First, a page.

Charity calls for more farmer control over future agri-environment schemes

Agri-environment schemes that give public benefit should be valued and supported, GWCT says
Agri-environment schemes that give public benefit should be valued and supported, GWCT says

Farmers must have more control over any future agri-environment scheme post-Brexit, according to the Game & Wildlife Conservation Trust (GWCT).

The conservation charity has launched its latest policy document, 'Farming through Brexit: a vision for the future'.

It highlights the important role farmers have, not just in feeding a growing nation, but also in supporting a complex environment.

GWCT research already informs many of the agri-environment scheme (AES) options available to farmers and their latest proposals include three key areas: a voluntary Foundation Scheme, a Universally Accessible Scheme, offering long and short-term options to support species and biodiversity, and a new Farmer Cluster Scheme, rewarding landscape and catchment scale benefits to soil, water and wildlife.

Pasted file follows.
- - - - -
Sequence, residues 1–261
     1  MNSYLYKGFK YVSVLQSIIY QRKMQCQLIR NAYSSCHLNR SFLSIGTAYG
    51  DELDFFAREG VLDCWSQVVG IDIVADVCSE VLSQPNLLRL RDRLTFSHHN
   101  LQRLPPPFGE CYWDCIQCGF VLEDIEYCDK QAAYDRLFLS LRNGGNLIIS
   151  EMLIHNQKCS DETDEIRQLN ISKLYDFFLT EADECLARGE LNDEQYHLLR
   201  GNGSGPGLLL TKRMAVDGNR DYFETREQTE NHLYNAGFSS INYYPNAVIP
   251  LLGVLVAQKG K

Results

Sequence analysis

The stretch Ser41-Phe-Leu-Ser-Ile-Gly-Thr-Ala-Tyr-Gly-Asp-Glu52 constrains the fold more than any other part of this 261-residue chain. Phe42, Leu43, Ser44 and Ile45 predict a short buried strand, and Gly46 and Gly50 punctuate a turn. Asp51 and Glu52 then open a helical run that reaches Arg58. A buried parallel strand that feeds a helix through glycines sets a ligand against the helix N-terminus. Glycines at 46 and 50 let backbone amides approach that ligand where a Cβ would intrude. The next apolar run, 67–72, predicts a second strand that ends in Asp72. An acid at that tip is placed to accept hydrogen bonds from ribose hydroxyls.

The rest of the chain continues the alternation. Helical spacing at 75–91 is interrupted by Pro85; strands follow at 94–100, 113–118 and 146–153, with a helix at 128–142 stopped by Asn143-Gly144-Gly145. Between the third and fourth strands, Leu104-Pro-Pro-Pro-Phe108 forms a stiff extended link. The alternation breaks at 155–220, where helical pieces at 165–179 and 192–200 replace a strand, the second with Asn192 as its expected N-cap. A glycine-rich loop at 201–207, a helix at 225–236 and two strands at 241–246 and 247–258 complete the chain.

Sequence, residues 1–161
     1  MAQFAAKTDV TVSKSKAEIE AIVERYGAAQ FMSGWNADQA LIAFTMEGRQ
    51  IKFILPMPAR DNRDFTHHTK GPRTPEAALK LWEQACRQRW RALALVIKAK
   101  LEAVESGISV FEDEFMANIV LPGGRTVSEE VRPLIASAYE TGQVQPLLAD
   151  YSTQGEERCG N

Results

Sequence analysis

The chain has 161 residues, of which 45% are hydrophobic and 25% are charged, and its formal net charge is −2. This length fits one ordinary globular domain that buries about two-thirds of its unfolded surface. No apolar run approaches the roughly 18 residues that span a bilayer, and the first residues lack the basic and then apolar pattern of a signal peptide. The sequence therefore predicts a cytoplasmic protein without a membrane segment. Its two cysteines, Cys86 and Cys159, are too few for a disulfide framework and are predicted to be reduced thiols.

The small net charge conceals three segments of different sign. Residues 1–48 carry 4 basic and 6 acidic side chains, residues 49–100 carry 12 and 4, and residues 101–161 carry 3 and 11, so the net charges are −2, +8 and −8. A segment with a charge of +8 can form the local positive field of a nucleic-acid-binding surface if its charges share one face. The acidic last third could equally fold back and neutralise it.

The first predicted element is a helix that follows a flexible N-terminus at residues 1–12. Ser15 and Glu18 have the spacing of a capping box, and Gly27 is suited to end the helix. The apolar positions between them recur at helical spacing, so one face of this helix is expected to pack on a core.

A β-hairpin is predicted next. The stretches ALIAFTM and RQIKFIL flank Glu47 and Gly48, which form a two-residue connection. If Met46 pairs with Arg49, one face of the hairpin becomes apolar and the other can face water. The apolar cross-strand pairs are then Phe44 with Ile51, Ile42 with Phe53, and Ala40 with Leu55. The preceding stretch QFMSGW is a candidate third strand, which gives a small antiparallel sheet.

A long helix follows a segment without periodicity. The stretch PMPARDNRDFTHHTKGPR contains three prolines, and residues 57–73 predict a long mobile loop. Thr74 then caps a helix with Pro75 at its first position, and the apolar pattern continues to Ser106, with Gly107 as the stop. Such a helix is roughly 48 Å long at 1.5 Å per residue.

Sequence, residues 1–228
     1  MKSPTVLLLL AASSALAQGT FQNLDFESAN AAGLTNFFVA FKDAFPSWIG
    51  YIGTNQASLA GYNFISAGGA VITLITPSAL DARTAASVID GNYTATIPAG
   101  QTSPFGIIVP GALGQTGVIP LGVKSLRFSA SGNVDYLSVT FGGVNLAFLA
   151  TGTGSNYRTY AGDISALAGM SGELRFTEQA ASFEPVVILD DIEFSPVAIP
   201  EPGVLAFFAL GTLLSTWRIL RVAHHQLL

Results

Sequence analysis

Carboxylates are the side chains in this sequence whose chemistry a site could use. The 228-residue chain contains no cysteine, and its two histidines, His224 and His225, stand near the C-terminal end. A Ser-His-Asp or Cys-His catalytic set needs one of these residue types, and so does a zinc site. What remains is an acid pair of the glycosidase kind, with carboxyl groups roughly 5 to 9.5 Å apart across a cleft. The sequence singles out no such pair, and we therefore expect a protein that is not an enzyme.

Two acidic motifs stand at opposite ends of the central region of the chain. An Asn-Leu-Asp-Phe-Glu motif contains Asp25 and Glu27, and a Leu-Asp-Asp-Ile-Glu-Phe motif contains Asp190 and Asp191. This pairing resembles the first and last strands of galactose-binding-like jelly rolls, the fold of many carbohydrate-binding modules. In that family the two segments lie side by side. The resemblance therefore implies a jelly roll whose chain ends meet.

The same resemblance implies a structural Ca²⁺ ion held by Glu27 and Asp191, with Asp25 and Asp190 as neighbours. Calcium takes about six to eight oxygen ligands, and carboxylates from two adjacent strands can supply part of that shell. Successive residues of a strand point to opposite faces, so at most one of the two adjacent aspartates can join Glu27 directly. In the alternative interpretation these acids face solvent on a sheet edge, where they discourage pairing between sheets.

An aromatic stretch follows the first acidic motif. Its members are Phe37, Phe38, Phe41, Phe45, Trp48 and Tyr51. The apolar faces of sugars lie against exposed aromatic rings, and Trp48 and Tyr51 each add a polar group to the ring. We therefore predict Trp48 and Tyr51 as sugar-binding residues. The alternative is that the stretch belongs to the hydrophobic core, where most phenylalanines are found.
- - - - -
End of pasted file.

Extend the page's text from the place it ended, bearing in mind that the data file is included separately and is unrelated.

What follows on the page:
“With 72% of the UK managed for agriculture, the decisions we make for the future of farming will have a significant impact throughout the country,” stated GWCT head of policy, Dr Alastair Leake.

“We feel this is a great opportunity for the government to deliver a simple, voluntary scheme with a light regulatory touch. Only then, can we get the widest possible participation from farmers and, in turn, 'better, bigger, more and joined' outcomes for nature, the environment and society.”

'Public benefit'

Underpinning the GWCT’s proposals includes that as a minimum, all the funding that currently supports agriculture and the environment should be retained.

Improving environmental outcomes should be at the heart of the schemes, according to the charity. Those that give public benefit should be valued and supported, and that the highest level of funding is kept for large scale, collaborative or long-term approaches.

Any future agri-environmental scheme should be farmer-led, with a bottom-up approach to maximise engagement, according to GCWT, with increased support for Less Favoured Areas.

Light touch regulation should be favoured, with a single independent Annual Review that is not managed by a government body.

The charity says the proposals fit alongside the intentions outlined by the government's 25-year plan.